advertisement

Greek Orthodox Christianity

75 %
25 %
advertisement
Information about Greek Orthodox Christianity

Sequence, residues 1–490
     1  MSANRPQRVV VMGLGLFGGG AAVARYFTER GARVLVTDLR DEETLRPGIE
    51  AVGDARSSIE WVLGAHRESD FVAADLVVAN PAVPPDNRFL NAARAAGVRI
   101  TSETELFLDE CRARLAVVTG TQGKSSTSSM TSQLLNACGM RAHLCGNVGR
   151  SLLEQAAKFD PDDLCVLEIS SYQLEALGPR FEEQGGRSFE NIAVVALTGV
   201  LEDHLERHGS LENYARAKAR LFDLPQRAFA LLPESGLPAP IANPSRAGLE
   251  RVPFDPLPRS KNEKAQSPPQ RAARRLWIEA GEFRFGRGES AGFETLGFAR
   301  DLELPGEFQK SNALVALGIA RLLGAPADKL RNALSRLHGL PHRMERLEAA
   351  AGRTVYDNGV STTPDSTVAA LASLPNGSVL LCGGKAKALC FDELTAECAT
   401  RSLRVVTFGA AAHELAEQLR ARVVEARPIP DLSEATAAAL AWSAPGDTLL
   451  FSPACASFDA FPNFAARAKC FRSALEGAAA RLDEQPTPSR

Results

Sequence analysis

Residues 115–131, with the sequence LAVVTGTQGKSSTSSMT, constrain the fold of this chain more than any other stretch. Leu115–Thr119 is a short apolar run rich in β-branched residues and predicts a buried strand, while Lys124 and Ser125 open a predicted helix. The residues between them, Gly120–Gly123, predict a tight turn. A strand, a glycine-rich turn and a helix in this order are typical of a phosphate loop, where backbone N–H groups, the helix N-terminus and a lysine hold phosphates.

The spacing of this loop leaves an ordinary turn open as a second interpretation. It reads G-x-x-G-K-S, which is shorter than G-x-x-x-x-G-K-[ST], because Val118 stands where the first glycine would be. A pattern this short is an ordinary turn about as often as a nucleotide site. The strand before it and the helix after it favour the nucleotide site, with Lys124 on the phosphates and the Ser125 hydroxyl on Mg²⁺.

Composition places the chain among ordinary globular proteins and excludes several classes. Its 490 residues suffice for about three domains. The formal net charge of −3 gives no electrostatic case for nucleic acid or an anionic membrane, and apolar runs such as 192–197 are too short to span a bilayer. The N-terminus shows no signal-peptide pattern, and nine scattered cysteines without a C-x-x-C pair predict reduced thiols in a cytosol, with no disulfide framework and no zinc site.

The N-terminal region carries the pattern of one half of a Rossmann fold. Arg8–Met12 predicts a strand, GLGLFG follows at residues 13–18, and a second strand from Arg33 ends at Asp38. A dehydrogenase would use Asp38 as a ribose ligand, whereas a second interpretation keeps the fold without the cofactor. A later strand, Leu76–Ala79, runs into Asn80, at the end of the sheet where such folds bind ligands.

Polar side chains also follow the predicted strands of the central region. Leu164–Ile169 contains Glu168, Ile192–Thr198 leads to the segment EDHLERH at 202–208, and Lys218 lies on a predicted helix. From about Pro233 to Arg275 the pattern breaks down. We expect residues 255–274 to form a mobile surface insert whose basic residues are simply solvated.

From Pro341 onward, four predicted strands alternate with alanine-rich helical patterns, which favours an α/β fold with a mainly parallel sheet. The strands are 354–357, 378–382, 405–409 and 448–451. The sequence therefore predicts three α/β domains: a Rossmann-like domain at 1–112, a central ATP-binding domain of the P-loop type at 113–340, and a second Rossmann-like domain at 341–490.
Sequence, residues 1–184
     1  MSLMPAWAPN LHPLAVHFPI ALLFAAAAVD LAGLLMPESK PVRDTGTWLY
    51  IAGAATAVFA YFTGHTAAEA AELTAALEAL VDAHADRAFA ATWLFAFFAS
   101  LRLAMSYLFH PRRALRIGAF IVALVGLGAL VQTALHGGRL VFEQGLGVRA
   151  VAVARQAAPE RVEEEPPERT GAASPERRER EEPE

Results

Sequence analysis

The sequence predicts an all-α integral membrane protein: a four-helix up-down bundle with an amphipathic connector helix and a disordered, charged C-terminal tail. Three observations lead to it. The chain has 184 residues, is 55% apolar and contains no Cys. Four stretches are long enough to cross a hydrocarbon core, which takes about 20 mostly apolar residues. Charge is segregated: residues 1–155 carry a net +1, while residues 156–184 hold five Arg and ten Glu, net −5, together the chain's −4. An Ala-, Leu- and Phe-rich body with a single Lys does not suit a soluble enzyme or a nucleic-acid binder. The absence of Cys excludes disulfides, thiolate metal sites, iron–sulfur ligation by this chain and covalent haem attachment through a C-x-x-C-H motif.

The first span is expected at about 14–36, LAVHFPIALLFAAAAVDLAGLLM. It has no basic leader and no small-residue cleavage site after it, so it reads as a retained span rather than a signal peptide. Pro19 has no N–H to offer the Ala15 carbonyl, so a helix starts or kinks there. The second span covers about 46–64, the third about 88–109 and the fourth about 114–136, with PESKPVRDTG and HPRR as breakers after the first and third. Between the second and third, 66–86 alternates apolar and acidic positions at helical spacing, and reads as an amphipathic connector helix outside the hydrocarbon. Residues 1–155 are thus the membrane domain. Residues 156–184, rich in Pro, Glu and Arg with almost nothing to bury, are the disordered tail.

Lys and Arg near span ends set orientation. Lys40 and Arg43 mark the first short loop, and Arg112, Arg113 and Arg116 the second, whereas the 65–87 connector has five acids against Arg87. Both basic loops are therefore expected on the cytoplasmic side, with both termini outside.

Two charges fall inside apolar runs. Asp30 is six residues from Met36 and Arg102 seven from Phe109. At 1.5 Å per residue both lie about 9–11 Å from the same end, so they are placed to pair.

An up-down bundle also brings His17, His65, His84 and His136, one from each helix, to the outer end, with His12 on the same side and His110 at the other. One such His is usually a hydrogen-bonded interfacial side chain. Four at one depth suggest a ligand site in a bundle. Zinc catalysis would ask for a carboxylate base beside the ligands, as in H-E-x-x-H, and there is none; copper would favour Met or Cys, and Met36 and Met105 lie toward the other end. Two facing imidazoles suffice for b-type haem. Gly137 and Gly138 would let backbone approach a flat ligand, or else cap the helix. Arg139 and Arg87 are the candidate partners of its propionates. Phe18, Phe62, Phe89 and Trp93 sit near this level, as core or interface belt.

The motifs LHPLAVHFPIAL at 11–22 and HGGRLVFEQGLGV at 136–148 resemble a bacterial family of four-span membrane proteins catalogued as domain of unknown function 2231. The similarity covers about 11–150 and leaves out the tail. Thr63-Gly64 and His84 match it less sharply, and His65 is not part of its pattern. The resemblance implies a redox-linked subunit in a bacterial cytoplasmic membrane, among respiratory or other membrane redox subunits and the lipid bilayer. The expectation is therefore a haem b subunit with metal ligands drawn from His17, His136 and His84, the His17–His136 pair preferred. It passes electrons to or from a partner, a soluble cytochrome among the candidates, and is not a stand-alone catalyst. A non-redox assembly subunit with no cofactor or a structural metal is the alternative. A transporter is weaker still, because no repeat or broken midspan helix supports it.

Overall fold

Entertainment

Published on January 17, 2008

Author: Sigismondo

Source: authorstream.com

advertisement